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Korean Women's Association earns King County Green Globe Award for senior housing in Federal Way
By Jacob E. Ooley/For The Mirror
A longtime Tacoma social service agency for underserved families and individuals has notched a county government award for going green.
KWA, formerly known as the Korean Women’s Association and headquartered in Tacoma, received the King County Green Globe Award for the architectural design and sustainable features of its new senior citizen housing development in Federal Way.
Recipients of the county’s Green Globe awards include individuals, cities, school districts and businesses that show leadership in being good environmental stewards.
“We are pleased and honored to receive this award from King County,” said KWA executive director Peter Ansara. “We do our best to serve our community in multiple ways. We are extremely proud and thankful.”
Senior City, a 62-unit facility at 31635 23rd Ave. S. in Federal Way, opened in June 2010. This complex aims to provide affordable housing to the elderly and disabled.
Doug Klemp, Senior City’s operations manager, highlighted the sustainable features that are included in each apartment.
“Each room is equipped with a vent that is directly linked outside to bring fresh filtered air into each apartment, while all of the light bulbs on site are incandescent and fluorescent bulbs,” Klemp said. “Each unit is also equipped with features to cut water consumption, and larger windows allow for natural lighting to illuminate rooms, cutting the cost of electricity.”
Ansara said even the decision to put the building near the Federal Way Transit Center sought to conserve resources and generate goodwill.
“Locating the facility near the Federal Way Transit system not only provides excellent mobility for our residents and other clients,” said Ansara, “but also allows us to secure a tremendous amount of public support, thus giving us the ability to build a state-of-the-art green facility that is available to more than just our clients.”
Chris Carrel, Federal Way’s communication and grant coordinator, said Senior City is an innovative building that addresses the sustainable as well as social aspects of the community.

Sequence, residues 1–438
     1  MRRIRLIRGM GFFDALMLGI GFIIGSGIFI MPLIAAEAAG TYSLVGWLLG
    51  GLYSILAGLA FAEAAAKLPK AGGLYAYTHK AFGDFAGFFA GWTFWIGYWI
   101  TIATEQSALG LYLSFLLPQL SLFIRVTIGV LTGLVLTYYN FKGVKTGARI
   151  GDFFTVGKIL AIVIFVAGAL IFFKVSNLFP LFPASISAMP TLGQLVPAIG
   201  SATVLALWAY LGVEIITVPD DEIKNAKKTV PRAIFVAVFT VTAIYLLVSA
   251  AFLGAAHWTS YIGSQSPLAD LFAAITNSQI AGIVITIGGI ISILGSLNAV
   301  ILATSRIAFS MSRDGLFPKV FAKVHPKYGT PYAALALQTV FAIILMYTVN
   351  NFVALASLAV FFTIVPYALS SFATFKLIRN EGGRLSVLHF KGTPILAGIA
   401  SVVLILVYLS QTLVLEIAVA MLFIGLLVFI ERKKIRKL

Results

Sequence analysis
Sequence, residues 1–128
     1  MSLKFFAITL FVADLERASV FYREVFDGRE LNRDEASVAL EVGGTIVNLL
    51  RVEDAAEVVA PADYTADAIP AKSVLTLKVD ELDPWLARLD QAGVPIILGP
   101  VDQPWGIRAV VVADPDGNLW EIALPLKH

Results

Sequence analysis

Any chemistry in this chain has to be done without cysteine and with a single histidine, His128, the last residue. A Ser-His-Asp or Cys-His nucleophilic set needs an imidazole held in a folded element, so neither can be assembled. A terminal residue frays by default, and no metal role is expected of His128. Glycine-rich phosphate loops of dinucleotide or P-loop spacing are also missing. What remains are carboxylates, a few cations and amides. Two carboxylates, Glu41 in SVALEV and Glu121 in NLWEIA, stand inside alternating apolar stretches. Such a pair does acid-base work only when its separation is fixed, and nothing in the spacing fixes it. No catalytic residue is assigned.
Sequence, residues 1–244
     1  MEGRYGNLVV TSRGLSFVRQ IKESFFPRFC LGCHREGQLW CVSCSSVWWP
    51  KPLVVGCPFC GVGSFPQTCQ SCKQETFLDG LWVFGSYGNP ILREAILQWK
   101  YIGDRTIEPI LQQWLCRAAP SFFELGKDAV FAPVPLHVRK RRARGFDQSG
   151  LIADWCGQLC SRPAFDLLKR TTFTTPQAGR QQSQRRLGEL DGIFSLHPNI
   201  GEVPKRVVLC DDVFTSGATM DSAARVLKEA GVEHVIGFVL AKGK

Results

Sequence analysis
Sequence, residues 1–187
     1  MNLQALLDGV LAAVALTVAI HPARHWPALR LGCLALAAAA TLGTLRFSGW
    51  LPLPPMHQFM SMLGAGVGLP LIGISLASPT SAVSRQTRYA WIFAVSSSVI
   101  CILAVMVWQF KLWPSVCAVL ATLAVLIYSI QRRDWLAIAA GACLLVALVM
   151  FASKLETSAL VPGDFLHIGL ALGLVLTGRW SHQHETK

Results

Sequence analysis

“KWA’s Senior City has redefined the way we picture low-income housing. It combines the needs of our community and the needs of our environment,” Carrel said. “Senior City shows that green living shouldn’t be available to one part of the community, but available to everyone.”
With annual revenues of $19 million, KWA, which was founded in 1972 as a grass-roots effort to help Korean women acclimate to the U.S., has grown to become a statewide provider of social services, including low-income housing, home care, meal sites for seniors, breast cancer navigation and mammography screening, and support services for domestic violence and sexual-assault victims. KWA meets people’s most basic human needs through education, socialization, advocacy and support.
The organization, which serves more than 150,000 clients from some 40 nationalities, also offers naturalization and citizenship services in three counties across the state,, according to Sabrina Coady, KWA’s director of marketing and communications.
“We are here to meet the needs of our clients no matter their race, nationality, or ethnic background,” said Coady.
Receiving the Green Globe Award is just an extension of the organization’s service to others, said Ansara.
“KWA was founded on the mission to help individuals in the community,” said Ansara. “Today, this mission still holds true.”
Jacob E. Ooley is a freelance writer based in Tacoma.